The art of the Impressionist portrait
Mary Stevenson Cassatt, American - A Woman and a Girl Driving 1881 - Philadelphia Museum of Art
Why did these masters of colour get interested in portraits?
Why did the Impressionists, so focused on depicting light and fleeting natural aspects such as snow, water and mist, get interested in portraits at a time when photography was making its debut?
And yet Manet, Monet, Renoir, Degas, Cézanne, Berthe Morisot and others breathed new life into this type of painting by going beyond merely physically representing their subjects. In reference to a painting by Degas, an art critic once said that a portrait should be "the study of moral reflections on physical appearance and on dress, the observation of a man’s intimacy with his home environment, of the special features that his profession imprints on him…”.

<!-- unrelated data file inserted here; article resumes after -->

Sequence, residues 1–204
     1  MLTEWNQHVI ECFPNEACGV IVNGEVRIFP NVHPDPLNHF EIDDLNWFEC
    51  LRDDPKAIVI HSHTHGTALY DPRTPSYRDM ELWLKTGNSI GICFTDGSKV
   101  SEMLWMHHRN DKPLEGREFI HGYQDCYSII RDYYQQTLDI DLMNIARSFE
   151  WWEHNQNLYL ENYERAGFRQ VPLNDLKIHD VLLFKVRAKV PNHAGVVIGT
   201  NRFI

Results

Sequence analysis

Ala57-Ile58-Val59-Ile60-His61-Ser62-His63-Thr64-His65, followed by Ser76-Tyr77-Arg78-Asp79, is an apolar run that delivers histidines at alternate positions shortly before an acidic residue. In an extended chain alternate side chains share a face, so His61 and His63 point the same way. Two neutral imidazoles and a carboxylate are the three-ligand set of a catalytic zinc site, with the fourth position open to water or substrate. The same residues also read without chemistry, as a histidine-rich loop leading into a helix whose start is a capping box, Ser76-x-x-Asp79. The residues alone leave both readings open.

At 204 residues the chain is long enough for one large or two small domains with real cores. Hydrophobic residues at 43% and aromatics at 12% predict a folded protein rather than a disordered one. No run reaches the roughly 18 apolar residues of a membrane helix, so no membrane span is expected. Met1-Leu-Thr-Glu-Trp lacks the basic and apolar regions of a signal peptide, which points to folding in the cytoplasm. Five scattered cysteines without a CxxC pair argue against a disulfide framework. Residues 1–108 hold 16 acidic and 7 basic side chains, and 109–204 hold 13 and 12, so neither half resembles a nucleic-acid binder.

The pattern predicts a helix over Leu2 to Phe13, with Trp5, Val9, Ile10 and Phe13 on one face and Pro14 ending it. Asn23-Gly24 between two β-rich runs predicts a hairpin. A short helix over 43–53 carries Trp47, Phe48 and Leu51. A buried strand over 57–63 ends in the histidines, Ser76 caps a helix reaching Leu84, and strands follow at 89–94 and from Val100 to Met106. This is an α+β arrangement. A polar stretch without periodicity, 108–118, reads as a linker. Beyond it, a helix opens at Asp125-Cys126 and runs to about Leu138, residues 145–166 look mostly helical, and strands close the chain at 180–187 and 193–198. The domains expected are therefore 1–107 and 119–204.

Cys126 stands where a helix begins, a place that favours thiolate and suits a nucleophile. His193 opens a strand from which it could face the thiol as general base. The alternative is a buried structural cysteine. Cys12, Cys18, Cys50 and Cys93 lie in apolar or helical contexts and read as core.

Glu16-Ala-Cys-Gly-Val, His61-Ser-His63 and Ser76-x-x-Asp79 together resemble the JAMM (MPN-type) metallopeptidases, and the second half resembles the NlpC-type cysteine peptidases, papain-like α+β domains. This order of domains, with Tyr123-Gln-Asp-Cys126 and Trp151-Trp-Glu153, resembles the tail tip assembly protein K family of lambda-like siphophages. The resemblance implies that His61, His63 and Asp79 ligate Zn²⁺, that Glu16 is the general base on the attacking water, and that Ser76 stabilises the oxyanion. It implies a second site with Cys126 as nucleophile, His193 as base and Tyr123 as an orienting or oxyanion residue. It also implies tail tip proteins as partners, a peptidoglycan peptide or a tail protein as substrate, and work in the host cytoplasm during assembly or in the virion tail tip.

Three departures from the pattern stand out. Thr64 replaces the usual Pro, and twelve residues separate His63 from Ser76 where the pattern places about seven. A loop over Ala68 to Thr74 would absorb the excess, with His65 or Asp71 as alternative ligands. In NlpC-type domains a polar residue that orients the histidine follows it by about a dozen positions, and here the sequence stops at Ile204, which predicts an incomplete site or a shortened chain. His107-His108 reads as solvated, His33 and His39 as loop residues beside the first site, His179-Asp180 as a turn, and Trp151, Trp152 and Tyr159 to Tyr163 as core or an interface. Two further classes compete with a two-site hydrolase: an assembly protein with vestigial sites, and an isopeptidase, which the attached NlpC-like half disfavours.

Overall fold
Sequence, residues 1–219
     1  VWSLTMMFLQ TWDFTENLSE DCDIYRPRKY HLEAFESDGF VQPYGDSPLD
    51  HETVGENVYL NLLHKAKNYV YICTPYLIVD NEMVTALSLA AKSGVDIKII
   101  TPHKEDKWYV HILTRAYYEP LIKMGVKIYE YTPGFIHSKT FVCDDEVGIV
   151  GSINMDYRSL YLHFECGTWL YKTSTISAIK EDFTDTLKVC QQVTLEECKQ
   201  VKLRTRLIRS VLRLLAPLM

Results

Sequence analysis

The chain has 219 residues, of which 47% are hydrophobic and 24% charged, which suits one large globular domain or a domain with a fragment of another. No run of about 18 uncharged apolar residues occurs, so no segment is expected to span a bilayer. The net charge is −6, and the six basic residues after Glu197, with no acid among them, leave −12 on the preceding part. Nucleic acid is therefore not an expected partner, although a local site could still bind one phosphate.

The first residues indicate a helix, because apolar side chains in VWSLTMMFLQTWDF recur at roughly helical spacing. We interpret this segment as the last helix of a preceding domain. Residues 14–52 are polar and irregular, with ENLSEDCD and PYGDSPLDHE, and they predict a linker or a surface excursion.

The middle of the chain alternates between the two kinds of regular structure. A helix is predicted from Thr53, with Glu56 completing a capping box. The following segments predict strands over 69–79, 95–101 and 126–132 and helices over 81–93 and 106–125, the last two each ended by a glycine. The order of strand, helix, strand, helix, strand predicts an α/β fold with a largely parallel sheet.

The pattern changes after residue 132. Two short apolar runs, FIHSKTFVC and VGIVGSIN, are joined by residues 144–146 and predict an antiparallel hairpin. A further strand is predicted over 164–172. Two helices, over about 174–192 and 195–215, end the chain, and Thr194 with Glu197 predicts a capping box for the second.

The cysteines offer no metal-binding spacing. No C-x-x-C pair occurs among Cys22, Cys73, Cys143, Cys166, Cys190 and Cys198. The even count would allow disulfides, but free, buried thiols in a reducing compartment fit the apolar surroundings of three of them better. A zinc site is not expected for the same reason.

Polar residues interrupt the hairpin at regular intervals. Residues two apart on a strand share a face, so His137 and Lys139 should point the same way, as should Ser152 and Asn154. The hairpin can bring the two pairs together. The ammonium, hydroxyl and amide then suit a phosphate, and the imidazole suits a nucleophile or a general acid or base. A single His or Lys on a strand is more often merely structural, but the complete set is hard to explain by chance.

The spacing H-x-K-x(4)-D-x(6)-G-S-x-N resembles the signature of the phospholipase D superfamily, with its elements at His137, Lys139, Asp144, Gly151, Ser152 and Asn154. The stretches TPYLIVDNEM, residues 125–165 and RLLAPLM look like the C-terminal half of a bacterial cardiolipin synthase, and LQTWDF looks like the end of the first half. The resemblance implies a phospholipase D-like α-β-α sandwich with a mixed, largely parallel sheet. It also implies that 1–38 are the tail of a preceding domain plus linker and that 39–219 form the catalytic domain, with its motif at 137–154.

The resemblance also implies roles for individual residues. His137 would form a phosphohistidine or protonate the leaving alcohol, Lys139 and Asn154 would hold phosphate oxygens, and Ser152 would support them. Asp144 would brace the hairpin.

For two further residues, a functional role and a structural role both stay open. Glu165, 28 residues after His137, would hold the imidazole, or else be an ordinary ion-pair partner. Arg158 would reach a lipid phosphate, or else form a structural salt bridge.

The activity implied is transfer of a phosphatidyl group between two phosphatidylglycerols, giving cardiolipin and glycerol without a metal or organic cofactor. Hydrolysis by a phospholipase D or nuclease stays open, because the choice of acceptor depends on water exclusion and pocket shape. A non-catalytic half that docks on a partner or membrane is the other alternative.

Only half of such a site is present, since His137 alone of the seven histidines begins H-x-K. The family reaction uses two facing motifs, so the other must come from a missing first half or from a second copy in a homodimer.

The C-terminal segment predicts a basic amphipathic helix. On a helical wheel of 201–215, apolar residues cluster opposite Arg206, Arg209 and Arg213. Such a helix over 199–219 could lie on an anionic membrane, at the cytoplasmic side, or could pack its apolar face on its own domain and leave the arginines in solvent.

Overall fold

Impressionist portraits therefore usually take into account the social context of their subjects, as demonstrated by Degas’ ‘Portraits at the Stock Exchange’.
Severe or artificial poses were done away with – women were often depicted in active positions, reading the press (Caillebotte, ‘Interior, Woman Reading’), driving (Mary Cassatt, ‘Woman and Child Driving’) and child rearing (Berthe Morisot, ‘The Cradle’).
Even though many artists used their friends and family as models (see ‘The Bellelli Family’ by Degas), they also painted the art collectors and dealers that supported them (see ‘Madame Charpentier and Her Children’ by Renoir).
The Impressionists had a great sense of daring and often strayed from reality. Cézanne, for example, painted his models with faces like masks to convey a sense of internal isolation. Claude Monet went as far as to paint his wife on her deathbed, using fractured brushwork to allude to the transitory nature of our existence.
From grand commissions to intimate and informal portraits, we will analyse all of these masterpieces in our conference at the end of January!
By Anik Doutriaux - The Impressionists